Friday, 11 July 2014

Media Quotes of the Week: From sympathy for Andy Coulson to Germans make a prat of Piers

Andy Coulson: AFP/Getty
Jonathan Aitken in the Telegraph in an open letter to Andy Coulson: "Privately, I sense a tide of sympathy welling up for you. I do not believe I am alone in taking the view that some police officers and some prosecutors have made worse – although non-criminal – errors of judgment than yours in this saga. Your present pariah status will surely fade, perhaps faster than you think if the prosecution go on demanding additional pounds of your flesh. Certainly the prison community, in stark contrast to the legal community, will be saying that the continual hounding of you 'ain’t proper'.’’

Piers Morgan on David Cameron and Andy Coulson in the Mail on Sunday: "Our great leader made no effort to contact Andy during his excruciatingly humiliating and painful ordeal. And he couldn’t find a single word of support for him in his darkest hour. Instead, he chose to deliberately pour petrol on to the flames of Andy’s immolation. That’s not the behaviour of a friend, it’s the behaviour of a self-serving, politically motivated, soulless weasel."

Chris Huhne in the Guardian: "The custodial sentences are ridiculous; they serve no public purpose. The conviction itself will be the most severe part of Coulson's punishment. If he should make amends, it would surely have been better to work for a worthy cause than cost the taxpayer nearly £40,000 a year to bang him up."

Peter Preston in the Observer:  "And the true irony of hacking – from boring gossip about royals to the Milly Dowler tale that didn't come close to making the front page of the News of the World – is in how few instances hacking produced big headlines and extra copies crossing newsagents' counters. It was all pretty exciting in its introverted old newsroom way, one guesses. Call Sam Spade (Glenn Mulcaire) and get him to check. But 5,000 victims, 5,000 stories, 5,000 or 50,000 more papers sold? There the chain of calumny breaks. So much harm and sorrow to the people involved, so little actual gain."

Mick Hume on Press Gazette: "Of course journalists are 'not above the law'. But neither should they be subject to special prosecution and persecution, as has happened in the UK over the past three years with the arrest of more than 60 tabloid journalists. Strangely, few of those high-minded media types at the BBC or Channel 4 news now protesting about the jailing of journalists in Egypt have offered a peep of protest about the criminalisation of tabloid journalism in Britain – and not because anybody has taped over their mouths."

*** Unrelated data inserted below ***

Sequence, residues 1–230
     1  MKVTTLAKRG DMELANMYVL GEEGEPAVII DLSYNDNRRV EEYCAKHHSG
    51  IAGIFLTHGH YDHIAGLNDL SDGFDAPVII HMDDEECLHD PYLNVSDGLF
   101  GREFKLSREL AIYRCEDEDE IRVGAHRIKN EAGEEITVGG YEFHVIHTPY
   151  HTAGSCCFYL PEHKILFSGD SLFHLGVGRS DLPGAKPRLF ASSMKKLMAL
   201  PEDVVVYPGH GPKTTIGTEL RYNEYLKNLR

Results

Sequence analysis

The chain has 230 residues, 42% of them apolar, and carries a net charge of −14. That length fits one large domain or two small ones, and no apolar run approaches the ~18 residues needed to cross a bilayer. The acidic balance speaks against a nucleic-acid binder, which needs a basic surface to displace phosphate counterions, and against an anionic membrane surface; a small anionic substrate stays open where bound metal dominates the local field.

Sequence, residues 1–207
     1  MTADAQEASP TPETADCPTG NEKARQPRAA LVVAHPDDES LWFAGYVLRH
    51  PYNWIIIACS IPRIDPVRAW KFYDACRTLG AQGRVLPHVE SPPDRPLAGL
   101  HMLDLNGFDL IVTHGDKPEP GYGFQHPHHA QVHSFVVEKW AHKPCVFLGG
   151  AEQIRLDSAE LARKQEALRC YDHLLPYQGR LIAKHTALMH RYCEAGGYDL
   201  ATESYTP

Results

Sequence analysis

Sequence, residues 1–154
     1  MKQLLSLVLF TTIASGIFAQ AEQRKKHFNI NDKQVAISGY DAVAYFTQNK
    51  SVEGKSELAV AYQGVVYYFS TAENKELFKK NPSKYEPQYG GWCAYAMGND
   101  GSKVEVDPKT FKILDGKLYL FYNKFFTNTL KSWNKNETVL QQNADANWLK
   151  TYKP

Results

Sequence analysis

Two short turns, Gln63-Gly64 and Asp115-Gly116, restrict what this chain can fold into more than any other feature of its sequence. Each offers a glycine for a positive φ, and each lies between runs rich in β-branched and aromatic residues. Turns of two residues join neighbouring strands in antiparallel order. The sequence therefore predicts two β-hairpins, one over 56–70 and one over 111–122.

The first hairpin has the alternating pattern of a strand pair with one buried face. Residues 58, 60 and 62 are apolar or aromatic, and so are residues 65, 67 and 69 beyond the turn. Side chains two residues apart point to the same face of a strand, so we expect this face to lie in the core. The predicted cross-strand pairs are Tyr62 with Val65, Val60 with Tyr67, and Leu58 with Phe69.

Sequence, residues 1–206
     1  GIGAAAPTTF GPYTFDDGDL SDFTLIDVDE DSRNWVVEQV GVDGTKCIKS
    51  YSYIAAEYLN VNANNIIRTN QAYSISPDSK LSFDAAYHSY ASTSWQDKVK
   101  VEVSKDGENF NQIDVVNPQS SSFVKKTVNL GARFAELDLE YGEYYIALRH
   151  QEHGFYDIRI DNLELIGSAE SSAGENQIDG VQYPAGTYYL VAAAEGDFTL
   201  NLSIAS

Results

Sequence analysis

Jack of Kent ‏@JackofKent  on Twitter: "What may come out in #DanielMorgan inquiry may make many current hacking allegations seem like a celeb-ridden garden party. Serious stuff."

The Times [£] in a leader: "When the European Court of Justice (ECJ) ruled that Google should delete links to 'inadequate, irrelevant or no longer relevant' information, it was wrong in principle. Now it is clear that the ruling was wrong, foolish and unenforceable in practice too."

Max Hastings in the Mail: "One of the most demented of Lord Justice Leveson’s recommendations was that, in some circumstances, newspapers should have to bear the costs of libel cases — even if they won. In other words, even if a court found that a newspaper had been telling the truth, it would have to pay the bill. Now, in the spirit of Leveson, the European Court has gone further. It offers an explicit licence to anybody who wants to airbrush their own CV."

Nick Pollard in the Guardian: "Newspapers get more stories than the broadcasters, by and large, and the broadcasters follow them up. The broadcast production effort is so much more complicated than print. The print people have more time to get stories. And they have a much better network of stringers and sources.”

Daily Mail in a leader: "For a timely reminder of the vital role of the free Press in giving a voice to those with nowhere else to turn, look no further than the Government’s belated launch of two inquiries into the Establishment’s treatment of child abuse."

Alan Rusbridger, editor-in-chief, in the Guardian News and Media Annual Review: "The Guardian is held up as a shining beacon of what journalism should be."

Sports News...

Piers Morgan @piersmorgan on Twitter after Brazil are crushed 7:1 by Germany: "I backed Brazil to win, Fred to score & declared Luiz my man of the tournament. I feel a complete and utter prat."

When Morgan was editor of the Mirror he declared "football war" on Germany during the 1996 European championship. England lost [on penalties].

  • Not much sympathy here from Bill Silver, commenting via Facebook: "Oh what bliss: Jonathan Aitken - a convicted liar - sympathises with Coulson, Chris Huhne, a master of integrity and moral standing, thinks Coulson's sentence ridiculous and doesn't serve a useful purpose - Huhne doesn't work for a worthy cause does he? No, he works for Chris Huhne! Piers Morgan calls Cameron a weasel in one sentence, and himself as a complete and utter prat in another. Which is more accurate? Piers? Piers? I can't hear you ..............."

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